Ross Scheuerman's initial suspicion was that he'd eventually take the degree in economics he's about to earn from Lafayette and "go into the city and work in the financial district somewhere."
It may yet come to that, but Scheuerman still has another option to explore.
"Right now I just want to focus on football and try to make football last as long as possible," he said.
The 6-foot, 204-pound running back has been doing a great job of that since his senior season at Lafayette ended, parlaying an appearance in the NFLPA Collegiate Bowl in January into an invitation to the NFL Scouting Combine in February into a spot on the Steelers' roster as one of 12 undrafted free agents.
That's already further than Scheuerman had envisioned football taking him when he reported to Lafayette as a freshman.
But after 704 career carries and 3,504 career rushing yards, he found himself working on the practice fields of the Steelers' South Side facility during last weekend's Rookie Minicamp rather than in New York City's financial district.
"Probably towards my junior year I thought it would be attainable for me," Scheuerman said. "Scouts started coming around, you would see them at the games, at practices.
"Talking to my coaches throughout the (2014) season, they always told me I have the skill set to get to the next level. Everyone's been telling me I can do this. I got invited to that all-star game and then the combine. From there I knew I could compete at this high level with the bigger-school guys."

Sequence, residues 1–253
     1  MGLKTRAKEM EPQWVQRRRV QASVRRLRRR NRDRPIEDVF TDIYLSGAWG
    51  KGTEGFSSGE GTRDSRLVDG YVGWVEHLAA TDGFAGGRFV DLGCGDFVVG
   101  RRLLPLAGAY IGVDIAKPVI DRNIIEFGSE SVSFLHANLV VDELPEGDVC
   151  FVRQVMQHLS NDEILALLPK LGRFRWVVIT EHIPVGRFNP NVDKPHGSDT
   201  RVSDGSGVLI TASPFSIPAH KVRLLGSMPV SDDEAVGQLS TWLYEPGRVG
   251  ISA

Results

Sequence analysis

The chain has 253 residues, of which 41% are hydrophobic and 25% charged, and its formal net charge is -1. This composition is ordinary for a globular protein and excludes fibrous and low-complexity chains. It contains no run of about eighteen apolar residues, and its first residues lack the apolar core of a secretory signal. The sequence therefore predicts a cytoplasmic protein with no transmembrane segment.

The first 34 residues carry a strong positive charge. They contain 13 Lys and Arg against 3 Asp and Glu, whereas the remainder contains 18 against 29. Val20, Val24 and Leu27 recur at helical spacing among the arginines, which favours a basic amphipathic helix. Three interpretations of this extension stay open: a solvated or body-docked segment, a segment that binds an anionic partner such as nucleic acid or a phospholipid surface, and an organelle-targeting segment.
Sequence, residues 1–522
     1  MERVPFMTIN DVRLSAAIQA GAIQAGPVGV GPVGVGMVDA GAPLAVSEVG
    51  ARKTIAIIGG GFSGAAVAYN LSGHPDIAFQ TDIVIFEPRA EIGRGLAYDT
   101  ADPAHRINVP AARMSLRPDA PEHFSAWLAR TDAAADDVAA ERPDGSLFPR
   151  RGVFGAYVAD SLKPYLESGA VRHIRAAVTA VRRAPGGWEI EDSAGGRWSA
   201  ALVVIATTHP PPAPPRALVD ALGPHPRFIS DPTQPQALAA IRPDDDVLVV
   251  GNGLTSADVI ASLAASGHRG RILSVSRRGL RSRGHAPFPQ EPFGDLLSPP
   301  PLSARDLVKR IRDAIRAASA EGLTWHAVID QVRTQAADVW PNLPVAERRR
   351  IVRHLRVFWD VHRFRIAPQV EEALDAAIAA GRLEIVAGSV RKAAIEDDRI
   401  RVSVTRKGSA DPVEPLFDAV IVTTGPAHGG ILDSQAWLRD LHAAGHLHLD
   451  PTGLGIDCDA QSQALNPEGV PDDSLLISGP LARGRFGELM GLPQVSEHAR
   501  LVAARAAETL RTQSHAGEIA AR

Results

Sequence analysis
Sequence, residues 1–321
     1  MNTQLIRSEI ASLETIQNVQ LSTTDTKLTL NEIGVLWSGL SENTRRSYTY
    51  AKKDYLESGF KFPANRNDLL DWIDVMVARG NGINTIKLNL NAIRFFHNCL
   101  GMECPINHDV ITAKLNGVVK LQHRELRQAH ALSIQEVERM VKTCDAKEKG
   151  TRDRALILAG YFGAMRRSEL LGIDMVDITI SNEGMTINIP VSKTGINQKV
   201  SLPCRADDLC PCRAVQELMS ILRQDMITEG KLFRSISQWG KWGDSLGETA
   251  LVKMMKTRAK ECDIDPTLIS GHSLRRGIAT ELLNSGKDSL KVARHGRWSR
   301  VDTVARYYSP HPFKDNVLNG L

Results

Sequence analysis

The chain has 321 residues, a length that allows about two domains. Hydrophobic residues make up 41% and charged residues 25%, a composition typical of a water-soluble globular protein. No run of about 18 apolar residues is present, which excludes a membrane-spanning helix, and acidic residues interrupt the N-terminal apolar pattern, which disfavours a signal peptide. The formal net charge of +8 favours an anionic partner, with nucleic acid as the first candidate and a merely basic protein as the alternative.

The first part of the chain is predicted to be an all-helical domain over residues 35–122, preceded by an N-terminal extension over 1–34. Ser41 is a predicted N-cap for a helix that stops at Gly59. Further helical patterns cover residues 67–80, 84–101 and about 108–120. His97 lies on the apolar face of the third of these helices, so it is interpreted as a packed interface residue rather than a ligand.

Scheuerman completed his career in the Patriot League in style, carrying 45 times for 304 yards and three touchdowns on Nov. 22 against arch-rival Lehigh in front of a packed house at Yankee Stadium.
Steelers' rookies take the field for Rookie Minicamp.
That capped a senior season during which Scheuerman led Lafayette in rushing (236 carries, 1,191 yards, 12 TDs) and receiving (57 catches, 521 yards, three TDs) and returned a kickoff 90 yards for a touchdown.
His 1,868 all-purpose yards ranked sixth nationally in 2014.
It matters not to Scheuerman that they were gained against Lehigh, Bucknell and Holy Cross rather than Ohio State, USC and Alabama.
"There are some good players in the Patriot League," Scheuerman maintained. "It's good ball. I don't think it gets the respect it deserves. Obviously, it's not known for football but it's a good, competitive league to play in."
At 204 pounds, Scheuerman isn't likely to earn a role as an every-down back at the NFL level.
But his versatility, productivity and potential have gotten him this far and provided an opportunity to take his football career even further.
Scheuerman will graduate from Lafayette on May 23.
But if he can keep making football last he might someday be in position to put his degree in economics to use figuring out how to best spend money earned playing in the NFL.
"Hopefully," he said, "gotta get there first."